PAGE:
“Kurt,” Blaine answers back.

“Okay. It’s—it’s not okay, but—okay.”

“I really like you,” Blaine says quietly. “And I’s my fault.”

“No. It’s really not.”

Blaine stays silent, but reaches over to take Kurt’s hand. Kurt lets him.

“This count as the third?”

Kurt lets out a laugh, just a little wet-sounding, and nods.

“Yes. You’ve got five more before I let you—”

He stops and flushes, but Blaine just grins at him.

“Kurt Hummel, I didn’t think you were that sort of boy.”

“I am that sort of boy,” Kurt says once he finds his voice. “When I want to be, anyway.”

Blaine doesn’t ask the obvious question—”And you want to be that sort of boy with me?” because they both already know the answer, but he does lean forward hesitantly and brush their lips together.

“I’m sorry,” he says almost instantly. “I know you said not until after the performance and you’d had time to—”

“It’s okay,” Kurt interrupts. “Just...look, I’m probably going to ask you out tomorrow once I’m over the shock of tonight, but until then...I understand why you did it, but I still need time to stop hating the fact that I have to go through with this.”

“You keep saying that,” Blaine says softly.

“You keep doing things that require me to repeat it,” Kurt answers back.

“Sorry,” Blaine answers, shrugging, and presses his lips to Kurt’s knuckles. “You’re going to do great tonight, Kurt.”

The look on his face is so eager and honest and he so clearly believes every word that he’s saying that Kurt can’t stop himself from taking both sides of Blaine’s face in his hands and kissing him again.

“Okay,” he says, and then again, “Okay. That was the last one. No more of this.”

“Okay,” Blaine says quietly, like he doesn’t dare to so much as breathe in this moment.

“Damn it,” Kurt says, and forces himself to let go of Blaine and get to his feet. “We are going to go out there now and rehearse some more. You haven’t had much longer than I have to learn this stuff, anyway. We are not going to stay in here making out. Understood?”

“Yes,” Blaine answers, and stands up.

They stare at each other for a moment, then Kurt shakes his head, mutters, “Damn it,” again, and wrenches the door open to keep his body from acting on what the rest of him is still torn about wanting. He’s grinning, though, so hard that it starts to hurt, and he doesn’t stop until he gets to the stage and finds Finn tripping over his own shadow. The reality of just how bad tonight’s performance is going to be crashes in on him and he wills himself and the rest of the cast to shine just this once.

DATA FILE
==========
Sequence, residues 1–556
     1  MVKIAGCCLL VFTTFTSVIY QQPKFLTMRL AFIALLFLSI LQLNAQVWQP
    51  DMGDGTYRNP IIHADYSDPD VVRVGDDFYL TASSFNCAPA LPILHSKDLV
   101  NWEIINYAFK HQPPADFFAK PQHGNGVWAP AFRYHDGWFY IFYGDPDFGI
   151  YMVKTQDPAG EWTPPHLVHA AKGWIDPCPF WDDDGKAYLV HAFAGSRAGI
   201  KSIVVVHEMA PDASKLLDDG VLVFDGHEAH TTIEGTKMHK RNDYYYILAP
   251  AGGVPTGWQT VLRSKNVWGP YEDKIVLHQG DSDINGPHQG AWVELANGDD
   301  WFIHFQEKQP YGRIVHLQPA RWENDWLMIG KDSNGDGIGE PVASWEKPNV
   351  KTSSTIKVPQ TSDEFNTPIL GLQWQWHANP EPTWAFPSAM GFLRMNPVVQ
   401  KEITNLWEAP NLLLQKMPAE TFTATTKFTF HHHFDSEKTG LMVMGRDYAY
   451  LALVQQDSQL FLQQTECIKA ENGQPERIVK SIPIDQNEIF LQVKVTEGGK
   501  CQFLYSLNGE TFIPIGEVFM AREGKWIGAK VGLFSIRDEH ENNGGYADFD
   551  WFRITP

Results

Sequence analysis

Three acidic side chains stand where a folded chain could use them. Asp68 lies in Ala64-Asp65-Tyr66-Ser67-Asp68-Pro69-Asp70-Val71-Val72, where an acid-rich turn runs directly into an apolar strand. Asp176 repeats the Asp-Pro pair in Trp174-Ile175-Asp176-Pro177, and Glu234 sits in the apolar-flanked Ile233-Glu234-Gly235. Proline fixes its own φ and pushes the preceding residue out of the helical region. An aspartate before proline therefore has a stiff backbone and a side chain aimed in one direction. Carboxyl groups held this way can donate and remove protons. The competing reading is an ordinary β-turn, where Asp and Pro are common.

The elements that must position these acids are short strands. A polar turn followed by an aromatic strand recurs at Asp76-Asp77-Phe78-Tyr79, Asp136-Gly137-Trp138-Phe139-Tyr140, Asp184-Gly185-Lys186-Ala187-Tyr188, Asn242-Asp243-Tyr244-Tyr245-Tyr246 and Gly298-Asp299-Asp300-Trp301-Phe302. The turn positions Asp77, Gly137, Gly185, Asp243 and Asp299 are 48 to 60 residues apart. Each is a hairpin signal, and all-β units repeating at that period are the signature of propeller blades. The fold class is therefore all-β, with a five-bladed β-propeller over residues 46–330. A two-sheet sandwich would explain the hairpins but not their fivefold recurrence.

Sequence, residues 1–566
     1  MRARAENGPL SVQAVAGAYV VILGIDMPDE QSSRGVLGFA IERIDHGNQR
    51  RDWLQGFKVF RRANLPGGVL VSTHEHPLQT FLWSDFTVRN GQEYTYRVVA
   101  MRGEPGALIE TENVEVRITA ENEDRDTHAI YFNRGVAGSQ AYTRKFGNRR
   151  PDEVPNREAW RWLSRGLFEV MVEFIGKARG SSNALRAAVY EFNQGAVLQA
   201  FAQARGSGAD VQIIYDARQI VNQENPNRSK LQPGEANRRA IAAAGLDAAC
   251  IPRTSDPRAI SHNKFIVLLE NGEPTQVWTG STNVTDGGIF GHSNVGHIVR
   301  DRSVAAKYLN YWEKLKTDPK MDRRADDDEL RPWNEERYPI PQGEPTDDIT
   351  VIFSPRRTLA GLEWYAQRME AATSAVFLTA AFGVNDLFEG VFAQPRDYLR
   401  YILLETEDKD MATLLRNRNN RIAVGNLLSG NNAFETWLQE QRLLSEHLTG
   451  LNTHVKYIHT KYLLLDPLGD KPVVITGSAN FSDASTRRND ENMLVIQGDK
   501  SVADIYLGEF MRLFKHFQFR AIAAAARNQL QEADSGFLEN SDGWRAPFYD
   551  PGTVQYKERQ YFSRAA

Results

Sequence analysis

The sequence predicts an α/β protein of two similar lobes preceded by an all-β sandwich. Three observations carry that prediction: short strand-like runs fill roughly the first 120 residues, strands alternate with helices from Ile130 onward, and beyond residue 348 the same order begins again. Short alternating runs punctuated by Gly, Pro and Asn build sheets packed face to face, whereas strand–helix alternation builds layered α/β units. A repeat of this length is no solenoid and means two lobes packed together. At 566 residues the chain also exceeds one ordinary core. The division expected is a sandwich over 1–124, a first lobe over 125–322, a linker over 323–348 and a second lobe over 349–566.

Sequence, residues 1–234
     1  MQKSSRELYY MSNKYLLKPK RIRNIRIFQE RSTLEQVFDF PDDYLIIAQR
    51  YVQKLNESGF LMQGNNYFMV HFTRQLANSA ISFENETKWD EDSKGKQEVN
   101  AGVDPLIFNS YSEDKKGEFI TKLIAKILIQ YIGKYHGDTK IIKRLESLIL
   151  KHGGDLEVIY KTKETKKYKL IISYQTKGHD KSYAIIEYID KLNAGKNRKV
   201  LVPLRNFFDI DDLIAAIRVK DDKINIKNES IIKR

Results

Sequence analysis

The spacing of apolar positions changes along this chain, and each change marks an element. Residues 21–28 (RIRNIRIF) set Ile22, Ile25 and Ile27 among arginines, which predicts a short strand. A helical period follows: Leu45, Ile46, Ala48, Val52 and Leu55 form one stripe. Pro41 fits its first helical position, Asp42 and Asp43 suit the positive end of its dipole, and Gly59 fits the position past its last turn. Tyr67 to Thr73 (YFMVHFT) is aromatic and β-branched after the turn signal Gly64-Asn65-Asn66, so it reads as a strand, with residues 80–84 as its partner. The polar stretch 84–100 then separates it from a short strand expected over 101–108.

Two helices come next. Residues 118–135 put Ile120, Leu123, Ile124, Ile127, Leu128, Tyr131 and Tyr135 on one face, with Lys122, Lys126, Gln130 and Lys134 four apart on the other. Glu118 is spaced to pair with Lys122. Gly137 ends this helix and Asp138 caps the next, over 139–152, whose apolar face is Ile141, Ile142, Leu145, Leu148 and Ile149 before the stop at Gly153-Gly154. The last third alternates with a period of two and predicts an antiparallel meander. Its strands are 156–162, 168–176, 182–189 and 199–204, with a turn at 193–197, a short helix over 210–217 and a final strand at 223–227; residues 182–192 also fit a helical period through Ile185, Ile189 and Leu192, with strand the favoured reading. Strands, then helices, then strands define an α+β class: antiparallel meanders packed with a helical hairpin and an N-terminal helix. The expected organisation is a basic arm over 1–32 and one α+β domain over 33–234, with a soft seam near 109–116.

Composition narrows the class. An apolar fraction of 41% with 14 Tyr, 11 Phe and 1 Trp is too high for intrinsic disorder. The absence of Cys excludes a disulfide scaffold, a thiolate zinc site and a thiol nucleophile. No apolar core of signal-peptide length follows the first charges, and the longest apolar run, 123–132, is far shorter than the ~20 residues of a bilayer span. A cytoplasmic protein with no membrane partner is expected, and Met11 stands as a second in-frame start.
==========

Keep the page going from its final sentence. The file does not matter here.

Backstage is chaos. Between Finn running around in his underwear because he can’t find his costume, Puck accidentally setting off the first round of pyrotechnics, Lauren looking like she wants to punch Sam in the face for the fact that he still hasn’t perfected how to fake doing the same, and Kurt simultaneously trying to shove Finn into a chair to get Worf’s prosthetic applied while simultaneously fighting off Santana’s efforts to wrangle him into her station so she can fix his hair, the entire backstage area feels less like a theatre and more or less like a zoo.

Kurt wonders, at first, why everyone is panicking. He knows why he is, but as far as he knows, Brittany has no issues with performing and he knows for a fact that Rachel doesn’t. But then he remembers that this is their last shot—if someone doesn’t want to invest more money into taking the show out of workshop and into actual performances, then it’s over. A lump rises in his throat and he forces it back down because he refuses to be parted from these people. He’s not sure he wants to fight like Blaine said, for himself, but he can’t imagine not fighting for them.

It’s Mike, in the end, who actually makes him feel better, by patting him on the back and crouching down beside him. He looks calm and relaxed, just watching the disaster around him with mild disinterest.

“Hey, buddy.”

Kurt glances over at him and hugs his knees tighter to his chest. “Hi.”

“So..." Mike pauses, like he's not sure that he should say what he so clearly wants to, then plows onward. "I’m not really sure why you got pissed at Blaine, but I’m glad you’re not holding it against him.”

Of all the things that Kurt expected to come out of Mike's mouth, that's pretty much last on the list.


“I don’t know." Mike shrugs, casual and easygoing. "I watch people a lot. It’s what happens when you don’t talk very often. You notice more. And I watch you a lot because you’re one of my closest friends.” Kurt smiles without meaning to and Mike grins back at him before continuing. “So...I mean, it was never that you were unhappy before, or’ve just kind of always been in this middle ground, you know? You weren’t completely miserable, but it wasn’t...the light wasn’t in your eyes. And then Blaine walked onto this stage and it was like...a little bit of the light came back. And I thought that was it until you got up there and started singing and—”

He trails off, biting his lip, and then shrugs again before continuing.